new BMW 7 Series is based on the criteria already described, the limited range of
controls and instruments really essential for motoring being positioned on and
around the steering wheel, with basic functions used frequently located in the middle
of the instrument panel. Most other functions, in turn, are integrated for the first time
in a Controller interacting with the Control Display in the center console for intuitive
operation by the driver. On the road, therefore, iDrive means simple, intuitive and
safe control at all times.
The Control Center providing feedback the driver can see and feel.
The Controller right in the middle of the iDrive control and display system in the new
BMW 7 Series is a very convenient control element at the front end of the center
armrest for easy operation by the driver at all times, while resting his hand and arm
in the most convenient position. Pushing, turning and pressing the Controller, the
driver – or front passenger – can select the function desired presented at the same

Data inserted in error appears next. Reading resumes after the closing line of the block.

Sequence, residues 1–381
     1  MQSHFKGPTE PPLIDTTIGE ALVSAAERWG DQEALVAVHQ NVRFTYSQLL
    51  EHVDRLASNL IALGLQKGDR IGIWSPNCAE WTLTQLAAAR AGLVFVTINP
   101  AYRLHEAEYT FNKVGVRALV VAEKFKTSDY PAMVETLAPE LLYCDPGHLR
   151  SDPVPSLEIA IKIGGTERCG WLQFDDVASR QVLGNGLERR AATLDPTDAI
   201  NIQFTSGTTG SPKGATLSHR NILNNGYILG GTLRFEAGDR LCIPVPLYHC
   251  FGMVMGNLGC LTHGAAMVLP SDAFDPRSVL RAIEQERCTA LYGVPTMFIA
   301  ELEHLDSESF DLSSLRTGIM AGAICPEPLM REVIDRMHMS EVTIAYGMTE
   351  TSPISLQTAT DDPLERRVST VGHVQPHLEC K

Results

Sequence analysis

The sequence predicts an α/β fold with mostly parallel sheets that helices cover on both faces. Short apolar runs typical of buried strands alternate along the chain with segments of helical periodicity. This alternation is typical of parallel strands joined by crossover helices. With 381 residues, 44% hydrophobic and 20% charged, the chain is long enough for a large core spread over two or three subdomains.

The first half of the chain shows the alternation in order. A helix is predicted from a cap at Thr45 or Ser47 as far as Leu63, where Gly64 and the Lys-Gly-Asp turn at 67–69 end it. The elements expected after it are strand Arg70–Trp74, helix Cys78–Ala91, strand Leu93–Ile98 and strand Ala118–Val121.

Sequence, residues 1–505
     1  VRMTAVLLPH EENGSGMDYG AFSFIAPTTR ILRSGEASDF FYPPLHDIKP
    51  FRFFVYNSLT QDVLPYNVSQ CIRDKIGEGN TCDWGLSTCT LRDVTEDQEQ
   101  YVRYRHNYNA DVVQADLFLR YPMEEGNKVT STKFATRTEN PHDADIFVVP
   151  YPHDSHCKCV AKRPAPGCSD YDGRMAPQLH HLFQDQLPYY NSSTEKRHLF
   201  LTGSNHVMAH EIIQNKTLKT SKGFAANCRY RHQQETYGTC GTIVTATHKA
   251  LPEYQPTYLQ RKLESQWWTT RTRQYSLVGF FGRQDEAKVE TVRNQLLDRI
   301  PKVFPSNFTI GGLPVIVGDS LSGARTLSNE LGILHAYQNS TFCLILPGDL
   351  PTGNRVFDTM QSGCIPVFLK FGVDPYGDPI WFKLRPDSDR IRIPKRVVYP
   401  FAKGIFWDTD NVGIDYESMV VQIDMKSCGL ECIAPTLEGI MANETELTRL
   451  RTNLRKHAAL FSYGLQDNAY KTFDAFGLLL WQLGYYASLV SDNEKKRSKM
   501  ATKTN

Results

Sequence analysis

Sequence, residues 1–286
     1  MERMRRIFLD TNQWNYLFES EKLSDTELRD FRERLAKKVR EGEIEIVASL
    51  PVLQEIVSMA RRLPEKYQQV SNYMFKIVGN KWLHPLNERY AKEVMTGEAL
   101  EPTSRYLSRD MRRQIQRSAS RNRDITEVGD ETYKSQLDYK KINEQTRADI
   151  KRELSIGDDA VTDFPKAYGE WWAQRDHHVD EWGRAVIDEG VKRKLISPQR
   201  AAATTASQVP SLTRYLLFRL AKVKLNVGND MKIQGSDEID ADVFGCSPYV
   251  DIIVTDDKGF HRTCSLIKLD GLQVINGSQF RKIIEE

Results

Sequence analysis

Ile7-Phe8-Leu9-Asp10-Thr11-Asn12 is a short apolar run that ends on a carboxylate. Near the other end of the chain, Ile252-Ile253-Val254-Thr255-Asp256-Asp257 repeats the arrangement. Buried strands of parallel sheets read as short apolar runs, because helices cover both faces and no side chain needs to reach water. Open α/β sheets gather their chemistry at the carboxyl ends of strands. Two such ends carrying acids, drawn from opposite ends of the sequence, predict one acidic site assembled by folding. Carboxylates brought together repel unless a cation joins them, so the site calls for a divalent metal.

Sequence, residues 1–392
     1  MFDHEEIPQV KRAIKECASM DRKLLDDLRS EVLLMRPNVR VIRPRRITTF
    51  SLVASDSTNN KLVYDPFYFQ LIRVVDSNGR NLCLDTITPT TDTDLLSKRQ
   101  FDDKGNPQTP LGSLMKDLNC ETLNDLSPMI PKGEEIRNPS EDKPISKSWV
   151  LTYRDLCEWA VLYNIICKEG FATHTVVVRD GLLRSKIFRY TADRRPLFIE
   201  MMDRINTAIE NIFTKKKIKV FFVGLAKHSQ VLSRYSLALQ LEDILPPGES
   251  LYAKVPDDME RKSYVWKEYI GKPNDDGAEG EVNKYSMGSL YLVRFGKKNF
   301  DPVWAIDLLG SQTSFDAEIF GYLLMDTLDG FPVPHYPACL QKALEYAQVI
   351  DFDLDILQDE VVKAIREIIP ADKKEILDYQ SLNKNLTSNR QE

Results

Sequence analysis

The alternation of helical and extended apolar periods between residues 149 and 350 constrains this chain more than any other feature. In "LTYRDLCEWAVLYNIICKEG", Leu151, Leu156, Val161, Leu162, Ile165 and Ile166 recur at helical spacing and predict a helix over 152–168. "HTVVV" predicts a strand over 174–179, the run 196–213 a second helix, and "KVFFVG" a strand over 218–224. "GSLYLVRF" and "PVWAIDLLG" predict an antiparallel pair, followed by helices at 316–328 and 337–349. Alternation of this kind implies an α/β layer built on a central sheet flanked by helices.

time in the Control Display positioned perfectly for optimum ergonomics. The
Controller also incorporates a unique feedback function for intuitive control, variable
force feedback with an electric motor simulating steering forces increasing and
decreasing, as well as the individual rest and terminal positions.
ConnectedDrive active steering wheel and active gas pedal:
Greater safety and comfort you can really feel.
Enhancement of the man/machine interface within the ConnectedDrive project
opens up an even wider range of options with modern driver assistance systems:
Currently, BMW is testing the active steering wheel and the active gas pedal
inducing the driver to correct the steering by generating a slight counter-force or
advising the driver to reduce his road speed.
The active steering wheel, for example, provides information for the comfort- and